Quite a few reputations whacked last night — from the Australian cricket team to Restaurant Revolution on Seven and The Hotplate on Nine, How To Behave Badly on the ABC, to Go Back To Where You Came From. Possibly the only program whose reputation was “enhanced” from last night was the return of the meat market, AKA The Bachelor, which easily accounted for the two restaurant shows on Nine and Seven, which both deserved good whacking.

The national TV audience for the third test halved from the end of the first session (1.026 million) as the Australian position at lunch worsened at an alarming rate. The second session averaged 485,000 national viewers. After the appalling effort from the Australians overnight, how many viewers will return tonight?

Thanks to the cricket on Gem, Nine won the night easily in metros. Seven faded and Ten held up, as did the ABC. In the regionals, the split with big city audiences again showed up with viewers outside the capital cities supporting Seven and its restaurant show. With the cricket Nine was a narrow winner in the regions but in the main channels, Seven won. However in the metros, not one Seven program could manage a million or more viewers last night. Go Back To Where You Came From on SBS ONE dropped 120,000 viewers for episode two last night — 433,000 nationally from the 553,000 start on Tuesday — too predictable. And the latest episode of How Not To Behave on ABC at 8pm averaged 617,000 and is starting to look like how not to rate. There are a total of 15 episodes of this one which has the smell of Tractor Monkeys about it — interesting idea but why is it still on air?

The Bachelor started its 2015 season with a national audience of 1.104 million. The first session of the test had 1.026 million nationally on Gem. The second episode of The Hotplate on Nine’s main channel had 920,000 and the second episode of Restaurant Revolution had 783,000. In the regionals, Home and Away (1.178 million nationally, but it beat them all bar the news and ACA) was tops with 473,000 viewers, the Test cricket had 322,000, Restaurant Revolution had 268,000, The Bachelor had 258,000, The 7pm part of The Project had 248,000 and 7.30 had 344,000.  So The Hotplate had the least support last night in the regionals, which is an accurate reflection of the content. Restaurant Revolution though was supported by rusted-on Seven viewers.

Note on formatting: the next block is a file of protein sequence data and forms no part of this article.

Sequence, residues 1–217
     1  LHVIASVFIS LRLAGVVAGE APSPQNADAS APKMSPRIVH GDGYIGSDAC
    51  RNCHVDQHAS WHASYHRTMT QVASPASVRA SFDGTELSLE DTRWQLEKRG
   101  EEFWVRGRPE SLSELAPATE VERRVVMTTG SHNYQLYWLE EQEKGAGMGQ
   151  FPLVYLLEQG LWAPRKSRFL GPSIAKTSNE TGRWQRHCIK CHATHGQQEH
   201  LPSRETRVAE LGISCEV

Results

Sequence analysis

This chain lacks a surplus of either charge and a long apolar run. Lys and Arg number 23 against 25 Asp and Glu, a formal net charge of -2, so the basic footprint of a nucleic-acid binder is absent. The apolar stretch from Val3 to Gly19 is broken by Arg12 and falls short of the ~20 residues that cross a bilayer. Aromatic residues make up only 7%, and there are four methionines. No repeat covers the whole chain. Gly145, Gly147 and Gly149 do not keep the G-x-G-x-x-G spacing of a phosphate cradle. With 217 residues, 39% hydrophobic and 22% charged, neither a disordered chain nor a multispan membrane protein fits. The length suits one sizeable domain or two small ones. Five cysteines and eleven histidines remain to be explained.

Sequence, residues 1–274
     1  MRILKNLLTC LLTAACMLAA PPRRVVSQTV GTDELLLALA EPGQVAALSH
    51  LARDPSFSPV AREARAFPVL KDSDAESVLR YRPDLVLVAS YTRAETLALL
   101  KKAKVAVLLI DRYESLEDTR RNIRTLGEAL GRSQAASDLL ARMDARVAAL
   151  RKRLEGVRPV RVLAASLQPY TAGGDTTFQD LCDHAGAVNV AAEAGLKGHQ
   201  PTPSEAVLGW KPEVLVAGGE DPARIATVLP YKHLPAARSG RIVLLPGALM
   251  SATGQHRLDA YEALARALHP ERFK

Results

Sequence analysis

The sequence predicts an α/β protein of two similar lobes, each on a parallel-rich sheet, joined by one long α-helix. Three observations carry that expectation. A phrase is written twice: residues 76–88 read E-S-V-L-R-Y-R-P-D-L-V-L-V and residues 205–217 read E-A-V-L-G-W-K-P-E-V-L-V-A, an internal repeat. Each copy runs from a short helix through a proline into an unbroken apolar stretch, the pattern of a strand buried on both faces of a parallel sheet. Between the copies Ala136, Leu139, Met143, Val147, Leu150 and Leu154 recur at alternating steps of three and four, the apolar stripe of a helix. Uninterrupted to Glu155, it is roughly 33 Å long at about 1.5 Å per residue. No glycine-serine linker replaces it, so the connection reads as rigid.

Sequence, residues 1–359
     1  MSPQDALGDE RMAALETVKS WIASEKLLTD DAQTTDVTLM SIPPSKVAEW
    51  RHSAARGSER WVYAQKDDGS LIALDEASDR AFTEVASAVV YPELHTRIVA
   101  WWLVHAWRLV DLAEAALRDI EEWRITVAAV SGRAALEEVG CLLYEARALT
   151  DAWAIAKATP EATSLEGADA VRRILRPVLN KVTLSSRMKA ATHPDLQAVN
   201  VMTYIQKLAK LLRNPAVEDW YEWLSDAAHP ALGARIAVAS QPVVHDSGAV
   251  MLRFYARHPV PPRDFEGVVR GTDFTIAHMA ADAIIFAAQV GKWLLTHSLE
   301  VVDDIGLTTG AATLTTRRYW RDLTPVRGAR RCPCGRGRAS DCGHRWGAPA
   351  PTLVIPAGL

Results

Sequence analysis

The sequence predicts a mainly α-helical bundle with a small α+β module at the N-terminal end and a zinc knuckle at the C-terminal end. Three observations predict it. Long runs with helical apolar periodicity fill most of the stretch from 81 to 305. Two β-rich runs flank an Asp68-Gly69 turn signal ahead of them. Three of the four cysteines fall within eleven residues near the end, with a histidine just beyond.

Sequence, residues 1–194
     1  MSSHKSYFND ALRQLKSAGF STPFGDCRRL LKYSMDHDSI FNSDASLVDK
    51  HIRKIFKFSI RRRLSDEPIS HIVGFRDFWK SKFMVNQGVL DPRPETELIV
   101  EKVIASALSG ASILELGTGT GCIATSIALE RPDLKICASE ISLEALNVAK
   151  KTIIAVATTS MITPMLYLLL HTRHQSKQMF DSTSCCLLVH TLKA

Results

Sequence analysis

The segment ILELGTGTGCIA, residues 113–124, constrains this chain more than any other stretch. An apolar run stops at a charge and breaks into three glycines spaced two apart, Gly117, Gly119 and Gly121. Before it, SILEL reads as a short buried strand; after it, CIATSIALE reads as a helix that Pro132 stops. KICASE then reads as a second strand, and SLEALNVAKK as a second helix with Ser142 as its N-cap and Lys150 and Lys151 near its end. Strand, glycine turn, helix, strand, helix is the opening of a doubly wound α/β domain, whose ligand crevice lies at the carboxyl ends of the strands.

At breakfast, Seven did have a sliver of good news as Sunrise with 337,000 had its biggest win over Today (289,000) for a couple of weeks.

Network channel share:

  1. Nine (33.4%)
  2. Seven (23.3%)
  3. Ten (19.8%)
  4. ABC (16.7%)
  5. SBS (6.8%)

Network main channels:

  1. Nine (15.7%)
  2. Seven (15.0%)
  3. Ten (14.7%)
  4. ABC 1 (11.4%)
  5. SBS ONE (5.3%)

Top 5 digital channels: 

  1. Gem (12.9%)
  2. 7TWO (5.0%)
  3. GO (4.9%)
  4. ABC2 (3.6%)
  5. 7mate (3.3%)

Top 10 national programs:

  1. Nine News 6.30 — 1.492 million
  2. Seven News — 1.265 million
  3. A Current Affair (Nine) — 1.185 million
  4. ABC  News — 1.182 million
  5. Home and Away (Seven) — 1.178 million